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No! imaged in the sanctuary of your breast,

There let me smile, amidst high thoughts at rest;

And let contentment on your spirit shine,

As if its peace were still a part of mine:
For if you war not proudly with your pain,
For you
I shall have worse than lived in vain.
But I conjure your manliness to bear
My loss with noble spirit-not despair:

I ask you by our love to promise this,

And kiss these words, where I have left a kiss,-The latest from my living lips for yours."

Words that will solace him while life endures: For though his spirit from affliction's surge Could ne'er to life, as life had been, emerge,

Yet still that mind whose harmony elate
Rang sweetness, ev'n beneath the crush of fate,-
That mind in whose regard all things were placed
In views that soften'd them, or lights that graced,―
That soul's example could not but dispense
A portion of its own bless'd influence;

Invoking him to peace, and that self-sway

Which Fortune cannot give, nor take away:

And though he mourn'd her long, 'twas with such woe,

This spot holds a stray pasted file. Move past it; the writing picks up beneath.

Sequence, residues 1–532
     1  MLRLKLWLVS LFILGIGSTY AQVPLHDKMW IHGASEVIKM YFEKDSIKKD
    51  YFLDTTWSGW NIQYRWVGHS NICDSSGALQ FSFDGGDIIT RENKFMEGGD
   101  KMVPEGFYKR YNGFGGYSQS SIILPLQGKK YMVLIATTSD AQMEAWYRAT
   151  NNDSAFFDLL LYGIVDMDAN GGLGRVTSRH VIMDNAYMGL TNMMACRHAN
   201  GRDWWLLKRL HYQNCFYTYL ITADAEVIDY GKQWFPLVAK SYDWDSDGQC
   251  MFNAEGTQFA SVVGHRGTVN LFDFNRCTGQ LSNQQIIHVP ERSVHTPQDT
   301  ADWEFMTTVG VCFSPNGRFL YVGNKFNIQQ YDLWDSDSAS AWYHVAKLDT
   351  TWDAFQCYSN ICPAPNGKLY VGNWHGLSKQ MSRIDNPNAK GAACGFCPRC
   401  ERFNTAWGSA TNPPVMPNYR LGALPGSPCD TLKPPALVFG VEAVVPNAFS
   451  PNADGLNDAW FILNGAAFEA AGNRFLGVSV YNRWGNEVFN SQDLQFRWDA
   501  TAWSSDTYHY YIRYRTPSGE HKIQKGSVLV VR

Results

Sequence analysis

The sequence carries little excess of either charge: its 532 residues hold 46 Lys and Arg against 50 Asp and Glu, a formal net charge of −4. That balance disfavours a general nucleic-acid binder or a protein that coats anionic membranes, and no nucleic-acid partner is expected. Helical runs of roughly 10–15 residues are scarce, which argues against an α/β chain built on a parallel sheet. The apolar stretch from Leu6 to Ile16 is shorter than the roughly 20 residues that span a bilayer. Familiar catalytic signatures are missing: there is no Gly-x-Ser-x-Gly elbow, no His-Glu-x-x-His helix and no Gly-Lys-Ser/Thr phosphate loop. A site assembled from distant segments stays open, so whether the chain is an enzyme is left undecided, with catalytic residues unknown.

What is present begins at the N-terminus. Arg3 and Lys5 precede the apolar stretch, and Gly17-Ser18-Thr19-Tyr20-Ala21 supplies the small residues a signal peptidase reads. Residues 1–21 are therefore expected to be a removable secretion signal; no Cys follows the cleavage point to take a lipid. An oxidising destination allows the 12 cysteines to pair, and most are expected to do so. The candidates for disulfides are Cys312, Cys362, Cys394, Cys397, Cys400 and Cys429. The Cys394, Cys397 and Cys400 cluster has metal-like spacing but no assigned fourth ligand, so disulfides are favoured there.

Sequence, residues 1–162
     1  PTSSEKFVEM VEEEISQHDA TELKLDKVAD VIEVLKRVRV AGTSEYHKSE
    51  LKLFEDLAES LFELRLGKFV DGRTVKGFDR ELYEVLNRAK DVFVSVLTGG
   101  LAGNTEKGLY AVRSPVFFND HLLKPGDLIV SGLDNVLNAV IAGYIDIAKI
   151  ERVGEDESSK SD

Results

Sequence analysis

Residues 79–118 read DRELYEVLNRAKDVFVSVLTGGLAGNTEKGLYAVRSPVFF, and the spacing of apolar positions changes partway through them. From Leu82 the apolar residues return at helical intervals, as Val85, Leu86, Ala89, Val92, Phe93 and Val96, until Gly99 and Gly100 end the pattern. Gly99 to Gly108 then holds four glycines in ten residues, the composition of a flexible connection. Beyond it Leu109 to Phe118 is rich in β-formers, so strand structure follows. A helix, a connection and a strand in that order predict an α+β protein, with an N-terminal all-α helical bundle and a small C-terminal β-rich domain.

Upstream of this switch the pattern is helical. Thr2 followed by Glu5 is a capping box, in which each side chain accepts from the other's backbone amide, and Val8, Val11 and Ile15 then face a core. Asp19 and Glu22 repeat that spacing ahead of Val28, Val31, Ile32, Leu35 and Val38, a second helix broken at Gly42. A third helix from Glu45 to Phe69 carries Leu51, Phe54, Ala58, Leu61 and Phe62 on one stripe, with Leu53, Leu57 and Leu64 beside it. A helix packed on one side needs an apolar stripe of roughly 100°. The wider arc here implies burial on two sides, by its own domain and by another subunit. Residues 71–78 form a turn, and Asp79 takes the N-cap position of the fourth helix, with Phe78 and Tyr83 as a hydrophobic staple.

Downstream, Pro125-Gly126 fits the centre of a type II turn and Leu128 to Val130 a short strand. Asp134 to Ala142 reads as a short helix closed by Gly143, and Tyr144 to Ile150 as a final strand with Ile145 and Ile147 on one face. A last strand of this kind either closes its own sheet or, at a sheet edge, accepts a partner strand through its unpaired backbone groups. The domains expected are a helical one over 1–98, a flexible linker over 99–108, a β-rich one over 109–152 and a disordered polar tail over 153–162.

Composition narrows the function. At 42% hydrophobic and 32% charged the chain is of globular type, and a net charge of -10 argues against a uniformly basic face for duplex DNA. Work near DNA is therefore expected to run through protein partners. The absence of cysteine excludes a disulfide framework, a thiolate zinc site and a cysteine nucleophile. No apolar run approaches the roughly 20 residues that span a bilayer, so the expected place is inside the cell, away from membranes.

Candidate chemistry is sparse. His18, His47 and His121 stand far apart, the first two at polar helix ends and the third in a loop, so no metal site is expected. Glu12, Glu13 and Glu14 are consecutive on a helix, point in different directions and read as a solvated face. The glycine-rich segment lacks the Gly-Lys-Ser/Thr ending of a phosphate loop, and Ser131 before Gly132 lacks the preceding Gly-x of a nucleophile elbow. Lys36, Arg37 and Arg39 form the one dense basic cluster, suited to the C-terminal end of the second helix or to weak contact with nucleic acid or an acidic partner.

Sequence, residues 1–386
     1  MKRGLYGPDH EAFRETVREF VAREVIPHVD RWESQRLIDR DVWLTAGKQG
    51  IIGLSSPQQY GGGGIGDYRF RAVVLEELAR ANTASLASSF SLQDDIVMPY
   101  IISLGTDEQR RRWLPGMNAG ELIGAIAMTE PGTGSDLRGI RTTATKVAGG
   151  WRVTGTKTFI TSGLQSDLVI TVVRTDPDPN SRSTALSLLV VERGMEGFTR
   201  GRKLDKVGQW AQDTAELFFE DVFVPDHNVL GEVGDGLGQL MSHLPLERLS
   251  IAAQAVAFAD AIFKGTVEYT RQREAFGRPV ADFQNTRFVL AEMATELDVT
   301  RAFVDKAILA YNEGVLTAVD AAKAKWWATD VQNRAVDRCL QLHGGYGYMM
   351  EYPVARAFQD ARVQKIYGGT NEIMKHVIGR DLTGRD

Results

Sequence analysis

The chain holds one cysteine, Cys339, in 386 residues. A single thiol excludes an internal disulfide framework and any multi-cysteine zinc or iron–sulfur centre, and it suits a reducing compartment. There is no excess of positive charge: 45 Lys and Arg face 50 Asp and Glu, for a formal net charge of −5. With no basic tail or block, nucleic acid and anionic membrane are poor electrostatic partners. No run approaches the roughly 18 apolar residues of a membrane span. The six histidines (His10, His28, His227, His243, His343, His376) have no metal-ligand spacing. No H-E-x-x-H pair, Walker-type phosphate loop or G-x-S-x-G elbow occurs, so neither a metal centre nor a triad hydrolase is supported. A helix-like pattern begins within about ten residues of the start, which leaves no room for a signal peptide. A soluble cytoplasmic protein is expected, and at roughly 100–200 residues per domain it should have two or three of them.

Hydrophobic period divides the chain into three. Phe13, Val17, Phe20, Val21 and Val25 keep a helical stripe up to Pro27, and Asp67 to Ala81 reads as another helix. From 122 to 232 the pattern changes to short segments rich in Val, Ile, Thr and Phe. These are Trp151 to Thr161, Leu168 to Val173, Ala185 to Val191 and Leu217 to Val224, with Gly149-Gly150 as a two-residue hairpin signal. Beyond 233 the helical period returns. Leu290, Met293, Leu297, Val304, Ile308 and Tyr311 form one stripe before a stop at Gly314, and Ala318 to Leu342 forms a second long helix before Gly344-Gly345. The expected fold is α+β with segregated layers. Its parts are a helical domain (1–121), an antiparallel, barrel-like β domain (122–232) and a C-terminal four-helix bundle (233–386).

As if her spirit watch'd him still below.




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"That gave the glacier tops their richest glow."

THE sight of the glaciers of Switzerland, I am told, has often disappointed travellers who had perused the accounts of their splendour and sublimity given by Bourrit and other describers of Swiss scenery. Possibly Bourrit, who has spent his life in an enamoured familiarity with the beauties of Nature in Switzerland, may have leaned to the romantic side of description. One can pardon a man for a sort of idolatry of those imposing objects of Nature which heighten our ideas of the bounty of Nature or Providence, when we reflect that the glaciers-those seas of ice-are not only sublime but useful they are the inexhaustible reservoirs which supply the principal rivers of Europe; and their annual melting is in proportion to the summer heat which dries up those rivers and makes them need that supply.

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